There’s only one secret to glowing skin: exfoliating. And there’s a simple tool that’ll help do the job
Glowing skin? It’s just a brush away
WOMEN HAVE BEEN exfoliating their skin for millennia. Sand, salt, leaves – you name it, we’ve abraded our bodies and faces with it. There must be some atavistic instinct to shed our skins faster than nature usually goes about it.
For the record, left alone, it takes approximately 28 days to produce babysoft new skin cells that gradually dry out and eventually flake off, to be replaced by a new layer. Except that, as we age, that system slows down. This is pretty crucial to the whole beauty matrix: radiant skin is the foundation of beauty. By radiant, we generally mean healthy looking, smooth, toned and a bit dewy looking (ie not dry, not excessively shiny, but that juicy halfway point usually referred to as glowing). If we can achieve all that, then we really don’t need to worry too much about lines and wrinkles. Radiant skin is beautiful, regardless.
If dead cells stick around, interfering with the way the light hits our skin, resulting in that stubbornly un-glowy look, it’s ageing.
The beauty industry, being the beauty industry, has come up with scores of ‘solutions’ over the decades, ranging from harsh astringents and plastic-filled exfoliators to dermabrasion (which generally uses an electric rotating device), lasers, lights and chemical peels that require varying amounts of ‘downtime’.
These have their place if you require treatment for pigmentation and scarring, but if you’re just after a little glow, honestly, leave them alone, or use sparingly because exfoliators can scratch and dry skin. Lasers and chemical peels, meanwhile, in the wrong hands (and even some of the ‘right’ ones) may give initially exciting results – look! All these sweet baby cells – but will ultimately thin the skin.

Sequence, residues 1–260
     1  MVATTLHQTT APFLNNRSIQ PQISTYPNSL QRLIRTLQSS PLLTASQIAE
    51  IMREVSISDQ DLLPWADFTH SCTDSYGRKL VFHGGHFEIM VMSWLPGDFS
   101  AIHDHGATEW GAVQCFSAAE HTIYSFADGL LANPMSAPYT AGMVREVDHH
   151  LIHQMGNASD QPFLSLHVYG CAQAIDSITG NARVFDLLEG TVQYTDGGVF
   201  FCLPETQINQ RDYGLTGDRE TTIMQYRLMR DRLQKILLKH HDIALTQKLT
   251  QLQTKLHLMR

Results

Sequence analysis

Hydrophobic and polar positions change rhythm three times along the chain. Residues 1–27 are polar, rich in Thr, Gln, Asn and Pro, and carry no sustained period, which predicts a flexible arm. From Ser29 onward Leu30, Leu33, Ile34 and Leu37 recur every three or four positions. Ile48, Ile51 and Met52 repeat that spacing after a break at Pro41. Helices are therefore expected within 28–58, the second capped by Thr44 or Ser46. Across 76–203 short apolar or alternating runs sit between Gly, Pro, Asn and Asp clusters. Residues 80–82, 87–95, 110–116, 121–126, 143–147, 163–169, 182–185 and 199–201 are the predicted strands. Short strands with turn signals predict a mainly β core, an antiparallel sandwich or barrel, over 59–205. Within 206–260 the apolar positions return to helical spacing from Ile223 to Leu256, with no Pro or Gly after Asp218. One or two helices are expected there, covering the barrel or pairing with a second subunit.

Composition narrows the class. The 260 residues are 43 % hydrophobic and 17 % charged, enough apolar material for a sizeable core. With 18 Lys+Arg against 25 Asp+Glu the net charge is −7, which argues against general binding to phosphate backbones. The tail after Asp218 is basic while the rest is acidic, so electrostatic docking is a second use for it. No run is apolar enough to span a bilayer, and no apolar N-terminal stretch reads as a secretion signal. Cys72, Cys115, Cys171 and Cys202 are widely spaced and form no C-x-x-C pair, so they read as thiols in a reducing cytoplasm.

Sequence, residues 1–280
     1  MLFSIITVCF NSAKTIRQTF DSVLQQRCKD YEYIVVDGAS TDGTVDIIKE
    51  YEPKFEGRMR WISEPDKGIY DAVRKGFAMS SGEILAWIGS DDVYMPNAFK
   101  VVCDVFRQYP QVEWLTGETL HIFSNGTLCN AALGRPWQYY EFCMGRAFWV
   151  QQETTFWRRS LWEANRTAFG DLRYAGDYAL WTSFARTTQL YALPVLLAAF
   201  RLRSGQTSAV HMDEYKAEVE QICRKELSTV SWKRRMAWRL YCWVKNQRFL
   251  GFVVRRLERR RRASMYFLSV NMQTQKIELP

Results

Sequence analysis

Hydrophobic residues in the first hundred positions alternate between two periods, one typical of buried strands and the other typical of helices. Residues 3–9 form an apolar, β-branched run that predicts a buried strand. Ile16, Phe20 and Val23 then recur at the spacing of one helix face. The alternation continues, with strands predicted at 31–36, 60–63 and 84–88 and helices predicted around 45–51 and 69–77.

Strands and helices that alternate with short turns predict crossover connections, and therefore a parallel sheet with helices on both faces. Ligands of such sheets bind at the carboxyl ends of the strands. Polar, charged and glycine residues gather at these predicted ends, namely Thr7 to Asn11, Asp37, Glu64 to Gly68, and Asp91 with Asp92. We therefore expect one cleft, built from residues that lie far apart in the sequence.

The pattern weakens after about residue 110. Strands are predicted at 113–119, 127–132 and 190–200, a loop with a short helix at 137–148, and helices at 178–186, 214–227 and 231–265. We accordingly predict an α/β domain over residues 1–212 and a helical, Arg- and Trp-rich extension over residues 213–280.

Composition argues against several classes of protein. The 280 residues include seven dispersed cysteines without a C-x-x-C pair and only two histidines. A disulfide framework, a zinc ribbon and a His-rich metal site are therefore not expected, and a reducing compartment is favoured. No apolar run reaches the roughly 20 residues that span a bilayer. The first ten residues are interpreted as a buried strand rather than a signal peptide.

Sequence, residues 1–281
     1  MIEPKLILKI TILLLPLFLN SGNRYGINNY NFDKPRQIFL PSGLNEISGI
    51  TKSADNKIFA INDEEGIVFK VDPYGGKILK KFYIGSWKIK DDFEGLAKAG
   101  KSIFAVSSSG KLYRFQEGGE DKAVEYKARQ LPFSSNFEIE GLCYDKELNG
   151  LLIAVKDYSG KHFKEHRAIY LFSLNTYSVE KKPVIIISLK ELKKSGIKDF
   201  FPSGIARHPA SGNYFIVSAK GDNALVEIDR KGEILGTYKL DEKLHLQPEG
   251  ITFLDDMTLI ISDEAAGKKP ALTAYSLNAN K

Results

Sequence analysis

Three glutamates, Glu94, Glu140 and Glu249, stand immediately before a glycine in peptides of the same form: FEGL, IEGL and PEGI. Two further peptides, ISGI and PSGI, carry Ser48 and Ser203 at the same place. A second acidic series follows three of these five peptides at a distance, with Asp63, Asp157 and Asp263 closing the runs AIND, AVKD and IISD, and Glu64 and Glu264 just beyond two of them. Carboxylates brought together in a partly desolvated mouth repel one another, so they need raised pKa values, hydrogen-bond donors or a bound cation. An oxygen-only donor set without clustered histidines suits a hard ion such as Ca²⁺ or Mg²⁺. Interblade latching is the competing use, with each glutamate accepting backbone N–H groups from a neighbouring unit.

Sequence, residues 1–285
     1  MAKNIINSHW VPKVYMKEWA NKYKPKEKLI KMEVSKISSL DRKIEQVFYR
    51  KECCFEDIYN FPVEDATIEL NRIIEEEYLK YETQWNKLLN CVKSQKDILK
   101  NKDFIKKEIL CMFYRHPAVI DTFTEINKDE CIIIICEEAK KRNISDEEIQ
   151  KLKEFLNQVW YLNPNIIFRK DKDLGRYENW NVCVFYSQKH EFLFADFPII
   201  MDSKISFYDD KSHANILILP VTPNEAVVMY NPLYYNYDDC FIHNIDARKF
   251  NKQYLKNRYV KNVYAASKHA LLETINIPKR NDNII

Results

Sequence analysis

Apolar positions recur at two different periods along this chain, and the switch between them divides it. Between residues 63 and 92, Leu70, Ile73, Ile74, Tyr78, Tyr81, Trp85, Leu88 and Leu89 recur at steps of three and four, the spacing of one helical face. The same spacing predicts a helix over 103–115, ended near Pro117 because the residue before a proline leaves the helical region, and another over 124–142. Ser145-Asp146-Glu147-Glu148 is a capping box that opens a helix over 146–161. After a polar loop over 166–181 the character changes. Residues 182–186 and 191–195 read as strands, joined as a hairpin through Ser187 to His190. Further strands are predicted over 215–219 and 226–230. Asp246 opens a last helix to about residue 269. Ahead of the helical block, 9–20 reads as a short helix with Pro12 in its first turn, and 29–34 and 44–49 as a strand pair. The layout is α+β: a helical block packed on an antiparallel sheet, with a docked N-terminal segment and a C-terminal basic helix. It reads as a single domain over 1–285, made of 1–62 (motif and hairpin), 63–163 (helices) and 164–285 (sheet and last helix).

That’s not to say we shouldn’t exfoliate. ‘You can get thick sebaceous skin on your nose, and it’s beneficial to slough it off,’ says Dr Rozina Ali, a biochemist and plastic surgeon. ‘But we probably don’t need to exfoliate foreheads, where skin is very thin – and certainly not near your eyes.’ Any method, she says, should be approached with caution.
There’s a lovely recipe in Skin Food by Sophie Thompson (£12.99, Octopus: a good present for fans of chemical-free beauty) that uses 15 drops of lime essential oil (or your favourite essential oil), two tbsp of coconut oil, four tbsp of caster or granulated sugar and two tbsp of fresh pomegranate seeds (whizzed for 15 seconds in a blender) for two servings of an exfoliator for dead winter skin.
But all we need are a couple of facial brushes – not to be confused with the tougher, larger body brushes you can buy everywhere. Skin brushes are small, round and gentle, designed to be used dry, and, if you buy them from Alexandra Soveral, made from sustainable olive wood and goat hair, a by-product of the meat industry (£28, alexandrasoveral. com) – preferable to those teeny abrasive balls that clog up the oceans. Soveral uses hers every day, sweeping upwards from her chin across her cheeks and forehead and even – ultra-gently – across the eye area, to encourage lymphatic drainage, stimulate circulation, and send those dry, past-it skin particles on their way. She’s such a good advert, I’ve followed her lead. Et voilà! Delicately glowing skin.
The Soveral facial brush